Doing slit scan photography has thrust me back into the world of large-format picture taking, a world that I once knew well. It’s also forced me to confront the pleasures and pains of using a scanning back, but that’s a discussion for another post. Some aspects of large-format photography haven’t changed much over the years, but there have been improvements. I’d like to discuss some of my favorites. Many apply to medium and small format work as well.
I love the Really Right Stuff carbon fiber tripods. I’d been a Gitzo guy for a long time, using their legs with heads from RRS, Arca, and others, but I recently bought a set of the large RRS carbon fiber legs, and I may never buy Gitzo sticks again. The RRS legs have a larger diameter, though they are no heavier. This makes them easier to tighten and loosen, and it also means that the locks, having a greater surface area, don’t need to be tightened down near as far to hold securely. The quality of construction is several notches above Gitzo’s, making using the tripod a pleasure. I have noticed that Gitzo tripods made in the last 10 or 15 years don’t seem to suffer abuse so stoically as the old ones; the RRS tripods look like they are built to last.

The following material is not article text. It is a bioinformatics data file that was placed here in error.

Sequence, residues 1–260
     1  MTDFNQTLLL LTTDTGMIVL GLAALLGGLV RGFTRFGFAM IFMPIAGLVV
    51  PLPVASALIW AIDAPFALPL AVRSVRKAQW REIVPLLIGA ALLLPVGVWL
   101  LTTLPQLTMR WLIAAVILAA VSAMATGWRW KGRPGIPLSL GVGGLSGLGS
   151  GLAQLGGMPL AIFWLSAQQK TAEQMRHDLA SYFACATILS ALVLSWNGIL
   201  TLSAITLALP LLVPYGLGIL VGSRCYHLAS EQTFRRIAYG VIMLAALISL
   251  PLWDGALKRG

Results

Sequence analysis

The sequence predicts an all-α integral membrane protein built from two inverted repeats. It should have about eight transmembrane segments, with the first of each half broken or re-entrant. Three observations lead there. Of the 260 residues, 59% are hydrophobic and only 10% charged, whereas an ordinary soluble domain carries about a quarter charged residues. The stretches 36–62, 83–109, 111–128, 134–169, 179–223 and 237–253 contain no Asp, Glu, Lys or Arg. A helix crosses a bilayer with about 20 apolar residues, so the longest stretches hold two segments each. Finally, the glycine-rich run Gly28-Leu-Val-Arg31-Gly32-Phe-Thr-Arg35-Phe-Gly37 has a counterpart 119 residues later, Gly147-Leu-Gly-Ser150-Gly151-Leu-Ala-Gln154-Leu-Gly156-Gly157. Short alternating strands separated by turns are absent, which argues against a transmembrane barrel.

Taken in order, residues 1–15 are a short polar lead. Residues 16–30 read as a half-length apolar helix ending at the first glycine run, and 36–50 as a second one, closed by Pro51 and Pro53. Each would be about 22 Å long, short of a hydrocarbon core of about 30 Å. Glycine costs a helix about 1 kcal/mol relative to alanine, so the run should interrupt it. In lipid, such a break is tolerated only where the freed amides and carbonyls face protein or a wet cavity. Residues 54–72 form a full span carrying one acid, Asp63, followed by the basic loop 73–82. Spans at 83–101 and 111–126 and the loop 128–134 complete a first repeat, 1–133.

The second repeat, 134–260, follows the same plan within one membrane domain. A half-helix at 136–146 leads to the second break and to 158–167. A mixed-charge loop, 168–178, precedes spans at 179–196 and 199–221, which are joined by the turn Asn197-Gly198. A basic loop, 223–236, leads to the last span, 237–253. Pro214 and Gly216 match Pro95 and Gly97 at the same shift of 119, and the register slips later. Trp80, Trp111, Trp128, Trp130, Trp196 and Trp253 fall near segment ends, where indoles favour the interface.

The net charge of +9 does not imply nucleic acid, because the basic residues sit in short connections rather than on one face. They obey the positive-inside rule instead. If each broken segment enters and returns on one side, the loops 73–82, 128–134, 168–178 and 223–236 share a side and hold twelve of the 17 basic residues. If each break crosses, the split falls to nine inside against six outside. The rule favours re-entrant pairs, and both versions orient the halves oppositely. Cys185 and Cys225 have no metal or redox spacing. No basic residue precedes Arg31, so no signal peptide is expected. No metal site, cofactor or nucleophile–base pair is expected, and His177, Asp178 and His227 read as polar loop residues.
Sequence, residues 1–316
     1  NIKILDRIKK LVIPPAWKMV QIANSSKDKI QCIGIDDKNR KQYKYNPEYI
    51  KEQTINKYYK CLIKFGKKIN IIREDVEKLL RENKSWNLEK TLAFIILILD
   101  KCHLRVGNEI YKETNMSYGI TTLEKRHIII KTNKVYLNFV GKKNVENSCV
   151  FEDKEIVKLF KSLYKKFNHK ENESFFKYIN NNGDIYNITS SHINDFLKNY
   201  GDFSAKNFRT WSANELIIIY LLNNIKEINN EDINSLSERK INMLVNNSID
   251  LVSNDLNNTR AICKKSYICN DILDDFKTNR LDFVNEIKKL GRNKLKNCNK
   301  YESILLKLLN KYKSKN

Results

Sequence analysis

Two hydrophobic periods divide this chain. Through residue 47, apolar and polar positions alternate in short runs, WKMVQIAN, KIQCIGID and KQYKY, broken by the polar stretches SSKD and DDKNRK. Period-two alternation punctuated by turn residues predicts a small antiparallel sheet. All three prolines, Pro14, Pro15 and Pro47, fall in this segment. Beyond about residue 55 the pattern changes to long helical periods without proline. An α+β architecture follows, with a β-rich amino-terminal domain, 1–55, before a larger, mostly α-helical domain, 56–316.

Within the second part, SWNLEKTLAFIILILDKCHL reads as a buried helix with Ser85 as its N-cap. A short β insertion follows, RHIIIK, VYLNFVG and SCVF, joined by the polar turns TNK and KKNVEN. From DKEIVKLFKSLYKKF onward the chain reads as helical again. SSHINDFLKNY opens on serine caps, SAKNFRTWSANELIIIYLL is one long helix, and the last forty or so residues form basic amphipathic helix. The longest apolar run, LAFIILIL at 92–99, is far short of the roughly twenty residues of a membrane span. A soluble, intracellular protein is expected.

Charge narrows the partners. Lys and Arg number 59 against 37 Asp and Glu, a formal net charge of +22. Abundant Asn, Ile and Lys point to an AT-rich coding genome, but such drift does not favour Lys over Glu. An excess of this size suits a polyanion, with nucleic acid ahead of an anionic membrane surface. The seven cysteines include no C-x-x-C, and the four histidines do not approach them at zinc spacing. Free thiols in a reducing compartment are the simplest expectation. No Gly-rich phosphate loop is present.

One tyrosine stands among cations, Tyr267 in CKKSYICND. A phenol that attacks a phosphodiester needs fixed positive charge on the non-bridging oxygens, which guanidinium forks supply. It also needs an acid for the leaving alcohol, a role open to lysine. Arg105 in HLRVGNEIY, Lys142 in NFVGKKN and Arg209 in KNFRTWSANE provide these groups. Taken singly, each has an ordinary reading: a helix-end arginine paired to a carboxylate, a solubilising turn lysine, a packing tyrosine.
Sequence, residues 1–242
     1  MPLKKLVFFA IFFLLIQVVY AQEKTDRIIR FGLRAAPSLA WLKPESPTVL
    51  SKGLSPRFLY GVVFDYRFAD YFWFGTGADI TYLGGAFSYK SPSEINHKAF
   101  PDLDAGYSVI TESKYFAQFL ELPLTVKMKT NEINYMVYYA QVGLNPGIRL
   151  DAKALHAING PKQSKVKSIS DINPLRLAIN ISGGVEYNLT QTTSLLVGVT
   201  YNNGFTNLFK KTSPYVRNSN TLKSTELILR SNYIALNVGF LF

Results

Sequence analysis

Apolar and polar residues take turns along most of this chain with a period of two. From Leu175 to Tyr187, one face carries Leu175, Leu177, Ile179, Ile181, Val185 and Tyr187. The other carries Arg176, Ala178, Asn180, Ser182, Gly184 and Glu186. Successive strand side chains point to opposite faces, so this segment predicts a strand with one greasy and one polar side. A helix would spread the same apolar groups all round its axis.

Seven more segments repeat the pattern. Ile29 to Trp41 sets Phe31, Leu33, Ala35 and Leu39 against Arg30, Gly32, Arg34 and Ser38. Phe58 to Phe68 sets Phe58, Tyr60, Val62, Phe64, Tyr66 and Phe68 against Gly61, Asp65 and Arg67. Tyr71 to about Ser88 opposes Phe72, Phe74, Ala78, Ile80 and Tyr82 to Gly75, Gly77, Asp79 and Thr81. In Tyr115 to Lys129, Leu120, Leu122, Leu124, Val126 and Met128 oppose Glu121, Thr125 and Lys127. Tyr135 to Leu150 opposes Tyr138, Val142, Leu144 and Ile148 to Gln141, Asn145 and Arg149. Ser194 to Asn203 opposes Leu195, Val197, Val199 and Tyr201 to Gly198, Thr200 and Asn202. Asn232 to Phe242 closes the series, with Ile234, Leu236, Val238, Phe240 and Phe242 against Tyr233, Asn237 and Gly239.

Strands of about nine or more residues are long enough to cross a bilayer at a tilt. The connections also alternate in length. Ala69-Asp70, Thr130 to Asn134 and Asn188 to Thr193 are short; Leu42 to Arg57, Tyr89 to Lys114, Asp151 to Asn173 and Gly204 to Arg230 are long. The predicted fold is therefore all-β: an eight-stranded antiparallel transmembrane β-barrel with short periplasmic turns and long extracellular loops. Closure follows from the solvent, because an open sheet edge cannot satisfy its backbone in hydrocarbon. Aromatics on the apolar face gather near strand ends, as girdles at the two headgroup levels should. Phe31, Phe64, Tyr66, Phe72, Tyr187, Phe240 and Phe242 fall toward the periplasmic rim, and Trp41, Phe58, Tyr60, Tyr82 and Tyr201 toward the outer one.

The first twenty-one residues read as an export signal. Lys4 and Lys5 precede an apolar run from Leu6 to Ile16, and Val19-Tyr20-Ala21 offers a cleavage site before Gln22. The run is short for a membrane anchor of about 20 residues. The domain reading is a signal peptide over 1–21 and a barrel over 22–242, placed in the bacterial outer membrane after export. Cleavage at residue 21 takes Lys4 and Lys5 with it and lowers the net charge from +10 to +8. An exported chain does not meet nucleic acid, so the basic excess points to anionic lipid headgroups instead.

The RRS quick release clamping levers are also making my life easier. They open wide, so it’s easy to drop the camera straight down into the clamp. They close positively and with not much effort. When you have a heavy 4 x 5 in one hand, you don’t want to be fussing around trying to get it clamped onto the tripod; the RRS quick release clamps make that job quick and simple. There is no lock, however. If something were to catch on the end of the clamp lever, it would be easy to flip it to the unlocked position. If that happened, you would probably need an expensive repair, and you would be done making pictures for the day.
The Arca Swiss “cube” is to a regular ball head what a Sinar P is to a Sinar F. If that makes no sense to you, here’s an explanation. A regular ball head lets you freely move the camera into most desired positions, and quickly and firmly lock it into that position. If you want to change where the camera is pointing by a little bit, you unlock the ball and start all over. The Arca cube has beautifully machined gearing that lets you precisely make both small and large adjustments. It does this in an assembly that’s about the size and weight of a regular ball head. It’s not as fast as a regular ball head, but it’s much more precise. The settings are calibrated so that you can return to a previous one. It has a few drawbacks. It’s priced like most Arca Swiss products, that is to say jaw-droppingly expensive. The quick-release clamp doesn’t open as wide as it should, and the safety releases are fingernail breakers. Then there’s the Arca Swiss service protocol, which reportedly is best characterized by the words “benign neglect”. I don’t have any personal experience: I’ve owned 6×7, 4×5, and 8×10 Arca Swiss cameras, and have never had any reason to ask for service.
More to come, as well as some of my large-format gripes.
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